Dementia is eliciting a rapidly growing interest among laboratory investigators, as evidenced by numerous recent publications and symposia. The problems are complex, involving the nervous system's highest functions, but progress is being made and is undoubtedly accelerating.
A complete review is not feasible here, and I have therefore chosen to touch on only a few major points in three types of dementia, Creutzfeldt-Jakob, Pick, and Huntington diseases, and to dwell somewhat longer on a fourth type, the most important in terms of the number of people affected.
The recent findings concerning transmissibility of this disorder make it the only one of the four for which we know the general cause. The original breakthrough came in the now well-known study of a remote and primitive people in New Guinea, among whom a subacute dementing disease, Kuru, was common in women and children. In pioneering work, Gajdusek et al1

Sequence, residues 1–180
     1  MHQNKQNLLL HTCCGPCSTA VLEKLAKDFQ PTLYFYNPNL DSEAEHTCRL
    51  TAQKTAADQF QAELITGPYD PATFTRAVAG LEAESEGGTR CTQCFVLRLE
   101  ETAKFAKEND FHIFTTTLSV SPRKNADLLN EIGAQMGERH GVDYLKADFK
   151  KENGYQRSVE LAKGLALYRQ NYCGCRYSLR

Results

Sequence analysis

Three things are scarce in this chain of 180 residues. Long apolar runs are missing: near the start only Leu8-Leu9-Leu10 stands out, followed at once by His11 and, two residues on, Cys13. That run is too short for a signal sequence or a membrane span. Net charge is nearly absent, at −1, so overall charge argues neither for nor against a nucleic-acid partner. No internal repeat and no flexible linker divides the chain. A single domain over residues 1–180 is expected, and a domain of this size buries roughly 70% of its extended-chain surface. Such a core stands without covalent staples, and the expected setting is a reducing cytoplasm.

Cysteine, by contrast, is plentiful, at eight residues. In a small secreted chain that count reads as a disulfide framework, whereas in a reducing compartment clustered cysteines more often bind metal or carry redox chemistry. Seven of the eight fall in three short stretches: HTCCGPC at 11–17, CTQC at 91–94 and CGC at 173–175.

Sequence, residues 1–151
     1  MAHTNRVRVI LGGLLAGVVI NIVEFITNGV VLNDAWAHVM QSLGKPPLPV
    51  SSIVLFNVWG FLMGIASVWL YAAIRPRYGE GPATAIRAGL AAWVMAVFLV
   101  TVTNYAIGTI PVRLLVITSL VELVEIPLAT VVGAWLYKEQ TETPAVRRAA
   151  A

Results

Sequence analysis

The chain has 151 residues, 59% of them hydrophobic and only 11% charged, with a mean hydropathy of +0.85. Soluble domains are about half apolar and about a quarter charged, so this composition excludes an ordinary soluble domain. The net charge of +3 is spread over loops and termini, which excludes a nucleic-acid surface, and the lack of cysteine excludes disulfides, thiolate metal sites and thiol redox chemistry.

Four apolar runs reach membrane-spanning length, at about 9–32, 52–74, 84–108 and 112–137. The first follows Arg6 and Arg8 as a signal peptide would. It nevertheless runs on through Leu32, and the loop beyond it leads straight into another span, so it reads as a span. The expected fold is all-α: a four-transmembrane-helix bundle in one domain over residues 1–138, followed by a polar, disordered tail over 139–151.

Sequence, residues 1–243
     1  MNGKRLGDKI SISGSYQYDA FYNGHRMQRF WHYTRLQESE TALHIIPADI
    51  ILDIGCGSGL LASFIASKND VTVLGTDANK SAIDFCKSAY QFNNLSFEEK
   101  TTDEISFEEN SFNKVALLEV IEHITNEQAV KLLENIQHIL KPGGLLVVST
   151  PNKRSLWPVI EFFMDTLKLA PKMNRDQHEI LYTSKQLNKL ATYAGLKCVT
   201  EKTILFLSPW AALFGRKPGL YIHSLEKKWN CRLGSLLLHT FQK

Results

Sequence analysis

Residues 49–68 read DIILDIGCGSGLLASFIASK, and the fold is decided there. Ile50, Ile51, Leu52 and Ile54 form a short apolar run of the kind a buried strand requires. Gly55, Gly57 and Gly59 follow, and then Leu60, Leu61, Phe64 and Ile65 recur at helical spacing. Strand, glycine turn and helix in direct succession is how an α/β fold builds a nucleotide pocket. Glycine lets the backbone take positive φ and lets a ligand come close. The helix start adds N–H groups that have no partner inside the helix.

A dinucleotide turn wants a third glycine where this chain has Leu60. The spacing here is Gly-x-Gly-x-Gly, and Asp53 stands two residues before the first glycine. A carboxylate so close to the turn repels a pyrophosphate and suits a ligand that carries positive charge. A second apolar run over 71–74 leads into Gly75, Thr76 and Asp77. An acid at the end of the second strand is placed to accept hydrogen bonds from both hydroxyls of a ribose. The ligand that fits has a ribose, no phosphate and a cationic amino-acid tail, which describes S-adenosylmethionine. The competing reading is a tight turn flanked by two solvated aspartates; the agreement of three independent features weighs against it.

Terry RD. Dementia: A Brief and Selective Review. Arch Neurol. 1976;33(1):1–4. doi:10.1001/archneur.1976.00500010003001
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